In its order denying the Mullanes’ motion for entry of judgment on a separate document, the district court seemed to say that the June 6 Final Judgment was such a document. We agree that it is the only relevant document, as the court’s March 9, 2001, conditional order allowing fees and the clerk’s notation regarding the court’s denial of the motion to modify clearly do not suffice for Rule 58 purposes. See Domegan v. Ponte, 972 F.2d 401, 405 (1st Cir.1992) (noting that separate judgment must be separate and distinct from any opinion or memorandum); accord Green, 196 F.3d at 630 (same and noting that “a docket entry is not sufficient.”). We hold that the June 6 Final Judgment was insufficient to serve as a separate judgment on the award of attorneys’ fees: the Final Judgment simply failed to make any mention of the award. We recognize that courts have been willing to accept judgments as sufficient for Rule 58 purposes where they incorporate by reference the underlying opinion or order. 11 Wright, Miller & Cooper, supra, ? 2785, 22-23 (collecting cases but observing that this is “inconsistent with the Supreme Court’s… pronouncement that the separate document requirement of Rule 58 is to be `mechanically applied'”). However, this does not change the result in this case. In the June 6 opinion and order, after acknowledging that it had issued interlocutory orders (1) allowing in part the Sheriff’s Department’s motion for summary judgment and (2) the motion to bar claims, the court stated that those rulings did not dispose of all claims against the Department, and went on to hold that the Department’s seizure of the vessel violated state law but that it was immune from damages. In no place in the opinion did the court discuss the award of attorneys’ fees or intimate that such fees had ever been awarded. It was simply silent on the issue.
Because no separate judgment has been “entered” under Rule 58, the time for filing a notice of appeal has not yet begun to run. See Fed. R.App. P. 4(a)(7) (providing that a judgment or order is “entered … when it is entered in compliance with Rules 58”). Given that the district court treated the order allowing attorneys’ fees as an appealable order and that the parties do not object to treating it as such, we find no reason to remand for formal compliance with Rule 58. Domegan, 972 F.2d 401 (holding that court had jurisdiction where no separate judgment had been entered, even though notice of appeal was not timely filed as measured from the final decision), vacated on other grounds, 507 U.S. 956, 113 S.Ct. 1378, 122 L.Ed.2d 754 (1993); see also Green, 196 F.3d at 631 (finding timely appeal, even though notice of appeal was filed 33 days after the entry of the appealable order); M. Zachary, Rules 58 and 79(a) of the Federal Rules of Civil Procedure: Appellate Jurisdiction and the Separate Judgment and Docket Entry Requirements, 40 N.Y.L. Sch. L.Rev. 409, 426 (1996); but see Fiore v. Washington Cty. Cmty. Mental Health Center, 960 F.2d 229, 236 (1st Cir.1992) (en banc) (noting that a party can waive separate judgment requirement where the party fails to act within three months). Therefore, the Mullanes’ appeal is timely and we have jurisdiction. We now proceed to the merits.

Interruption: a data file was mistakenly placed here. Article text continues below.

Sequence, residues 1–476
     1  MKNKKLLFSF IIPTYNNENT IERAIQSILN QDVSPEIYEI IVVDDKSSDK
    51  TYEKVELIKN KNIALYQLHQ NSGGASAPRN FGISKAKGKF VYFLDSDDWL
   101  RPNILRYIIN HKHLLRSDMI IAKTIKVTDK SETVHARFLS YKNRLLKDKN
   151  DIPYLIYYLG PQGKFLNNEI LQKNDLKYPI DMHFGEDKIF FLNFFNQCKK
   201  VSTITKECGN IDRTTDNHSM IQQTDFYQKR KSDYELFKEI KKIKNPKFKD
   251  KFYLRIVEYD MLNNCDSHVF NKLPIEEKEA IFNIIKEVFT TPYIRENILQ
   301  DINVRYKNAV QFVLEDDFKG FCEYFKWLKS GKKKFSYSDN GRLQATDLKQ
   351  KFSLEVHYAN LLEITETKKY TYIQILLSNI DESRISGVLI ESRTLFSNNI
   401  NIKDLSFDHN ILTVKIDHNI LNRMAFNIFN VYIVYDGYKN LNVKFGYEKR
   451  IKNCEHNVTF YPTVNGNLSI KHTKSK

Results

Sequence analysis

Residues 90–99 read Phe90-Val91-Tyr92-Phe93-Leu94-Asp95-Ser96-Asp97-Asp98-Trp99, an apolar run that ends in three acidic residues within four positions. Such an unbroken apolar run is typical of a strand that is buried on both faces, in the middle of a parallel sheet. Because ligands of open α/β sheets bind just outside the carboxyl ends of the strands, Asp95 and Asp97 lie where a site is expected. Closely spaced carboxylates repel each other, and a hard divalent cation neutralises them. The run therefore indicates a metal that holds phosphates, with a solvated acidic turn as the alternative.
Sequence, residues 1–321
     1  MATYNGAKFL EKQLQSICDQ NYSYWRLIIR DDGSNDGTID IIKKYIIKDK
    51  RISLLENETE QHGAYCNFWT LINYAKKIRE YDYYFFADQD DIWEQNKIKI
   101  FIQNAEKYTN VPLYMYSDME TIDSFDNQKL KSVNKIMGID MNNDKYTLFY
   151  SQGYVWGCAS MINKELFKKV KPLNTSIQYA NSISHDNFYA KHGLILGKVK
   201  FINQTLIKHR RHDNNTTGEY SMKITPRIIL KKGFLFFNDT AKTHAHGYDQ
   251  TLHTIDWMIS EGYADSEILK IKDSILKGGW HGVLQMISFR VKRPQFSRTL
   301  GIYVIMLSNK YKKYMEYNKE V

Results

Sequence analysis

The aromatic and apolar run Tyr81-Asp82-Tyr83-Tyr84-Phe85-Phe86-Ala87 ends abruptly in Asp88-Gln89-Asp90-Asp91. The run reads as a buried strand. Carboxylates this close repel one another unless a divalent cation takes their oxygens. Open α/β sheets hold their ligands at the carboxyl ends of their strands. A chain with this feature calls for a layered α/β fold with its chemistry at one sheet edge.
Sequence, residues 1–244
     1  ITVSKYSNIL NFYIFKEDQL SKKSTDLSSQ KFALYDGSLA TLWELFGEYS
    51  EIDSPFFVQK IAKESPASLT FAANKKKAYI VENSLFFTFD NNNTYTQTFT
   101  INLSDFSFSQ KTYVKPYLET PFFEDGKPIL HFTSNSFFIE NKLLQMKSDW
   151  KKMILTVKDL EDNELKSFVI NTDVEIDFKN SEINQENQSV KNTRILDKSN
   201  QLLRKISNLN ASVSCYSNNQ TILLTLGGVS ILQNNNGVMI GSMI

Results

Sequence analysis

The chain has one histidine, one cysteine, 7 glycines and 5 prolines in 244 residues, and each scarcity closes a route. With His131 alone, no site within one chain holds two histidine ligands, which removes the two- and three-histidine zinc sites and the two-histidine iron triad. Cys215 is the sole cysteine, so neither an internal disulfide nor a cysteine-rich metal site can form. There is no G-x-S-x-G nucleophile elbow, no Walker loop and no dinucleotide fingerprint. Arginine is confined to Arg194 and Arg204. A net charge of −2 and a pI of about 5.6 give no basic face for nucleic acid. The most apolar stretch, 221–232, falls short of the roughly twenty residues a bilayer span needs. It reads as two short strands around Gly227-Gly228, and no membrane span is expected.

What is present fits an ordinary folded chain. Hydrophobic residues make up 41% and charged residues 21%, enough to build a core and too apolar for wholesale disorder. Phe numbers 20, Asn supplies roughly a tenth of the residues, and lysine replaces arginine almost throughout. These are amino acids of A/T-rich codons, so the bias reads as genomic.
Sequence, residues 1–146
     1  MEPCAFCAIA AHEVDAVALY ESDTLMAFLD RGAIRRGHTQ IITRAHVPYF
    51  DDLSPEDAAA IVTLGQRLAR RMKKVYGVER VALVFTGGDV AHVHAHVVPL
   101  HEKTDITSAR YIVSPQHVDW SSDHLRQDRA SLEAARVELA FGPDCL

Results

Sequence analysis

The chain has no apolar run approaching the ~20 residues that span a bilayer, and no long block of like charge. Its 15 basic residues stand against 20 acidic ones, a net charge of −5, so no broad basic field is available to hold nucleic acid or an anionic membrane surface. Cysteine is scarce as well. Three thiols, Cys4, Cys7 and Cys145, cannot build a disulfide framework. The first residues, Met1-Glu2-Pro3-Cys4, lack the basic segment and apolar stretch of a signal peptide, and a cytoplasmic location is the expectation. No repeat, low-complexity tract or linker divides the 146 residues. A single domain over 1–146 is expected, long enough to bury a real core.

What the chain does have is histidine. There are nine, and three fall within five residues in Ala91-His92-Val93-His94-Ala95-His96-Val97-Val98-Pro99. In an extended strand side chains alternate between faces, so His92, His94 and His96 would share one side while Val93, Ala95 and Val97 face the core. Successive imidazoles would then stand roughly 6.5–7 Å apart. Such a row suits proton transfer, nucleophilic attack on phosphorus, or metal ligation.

Under the well-established “American Rule,” attorneys’ fees are not recoverable by a party unless statutorily or contractually authorized. However, a court possesses inherent equitable powers to award attorneys’ fees against a party that “has `acted in bad faith, vexatiously, wantonly, or for oppressive reasons.'” Whitney Bros. Co. v. Sprafkin, 60 F.3d 8, 13 (1st Cir.1995) (quoting Chambers v. NASCO, Inc., 501 U.S. 32, 45-46, 111 S.Ct. 2123, 115 L.Ed.2d 27 (1991)). We review such awards for abuse of discretion, Chambers, 501 U.S. at 55, 111 S.Ct. 2123, and recognize that district courts are given broad deference in order to “streamline the litigation process by freeing the appellate courts from the duty of reweighing evidence … already weighed and considered by the district court,” Cooter & Gell v. Hartmarx Corp., 496 U.S. 384, 404, 110 S.Ct. 2447, 110 L.Ed.2d 359 (1990). Nevertheless, “[b]ecause of their very potency, inherent powers must be exercised with restraint and discretion,” Chambers, 501 U.S. at 44, 111 S.Ct. 2123 (citation omitted), and thus “`should be used sparingly and reserved for egregious circumstances,'” Whitney Bros. Co., 60 F.3d at 13 (quoting Jones v. Winnepesaukee Realty, 990 F.2d 1, 4 (1st Cir.1993)). We, therefore, require that a district court “describe the bad faith conduct with `sufficient specificity,’ accompanied by a `detailed explanation of the reasons justifying the award.'” Id. (quoting Gradmann & Holler GmbH v. Cont’l, 679 F.2d 272, 274 (1st Cir.1982)).
Here, the district court provided conclusory statements, without specificity, in support of awarding attorneys’ fees:
On the record before me, I find that the combined conduct of plaintiffs and their attorneys egregiously increased the contentiousness of communications bearing on disclosure, discovery, and delay, and resulted in needless and unreasonable added burdens of expense, delay, and increased hours of attorney time in the representation of defendant Cousins and others acting for him or in association with him.
In these circumstances I make a presumptive finding, on the record before me, that an award of $43,720.44, as proposed in Docket No. 23, at page 10, is reasonable. A reasonable time will be allowed, in the order below, to challenge this presumptive finding.